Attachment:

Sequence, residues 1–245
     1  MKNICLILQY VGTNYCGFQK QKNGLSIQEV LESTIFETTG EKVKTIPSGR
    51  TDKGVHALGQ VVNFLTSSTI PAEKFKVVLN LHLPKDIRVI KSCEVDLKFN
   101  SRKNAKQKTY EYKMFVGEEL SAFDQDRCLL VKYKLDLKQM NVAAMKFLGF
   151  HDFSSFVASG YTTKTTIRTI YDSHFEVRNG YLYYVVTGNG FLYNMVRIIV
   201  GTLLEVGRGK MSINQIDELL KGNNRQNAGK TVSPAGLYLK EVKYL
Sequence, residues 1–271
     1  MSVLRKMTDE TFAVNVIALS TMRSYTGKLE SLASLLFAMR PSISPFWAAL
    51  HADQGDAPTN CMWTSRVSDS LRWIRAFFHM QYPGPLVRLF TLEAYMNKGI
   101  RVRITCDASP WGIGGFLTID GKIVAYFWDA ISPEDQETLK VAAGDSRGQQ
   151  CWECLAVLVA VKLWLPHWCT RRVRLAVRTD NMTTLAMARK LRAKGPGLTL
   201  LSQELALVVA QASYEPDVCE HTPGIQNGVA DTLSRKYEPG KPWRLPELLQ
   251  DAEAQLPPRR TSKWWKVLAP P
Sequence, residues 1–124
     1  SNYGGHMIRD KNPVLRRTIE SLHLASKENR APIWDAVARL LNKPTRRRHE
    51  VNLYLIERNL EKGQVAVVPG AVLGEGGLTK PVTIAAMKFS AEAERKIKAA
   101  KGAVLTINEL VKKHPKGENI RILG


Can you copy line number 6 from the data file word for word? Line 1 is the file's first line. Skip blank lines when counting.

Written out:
   201  GTLLEVGRGK MSINQIDELL KGNNRQNAGK TVSPAGLYLK EVKYL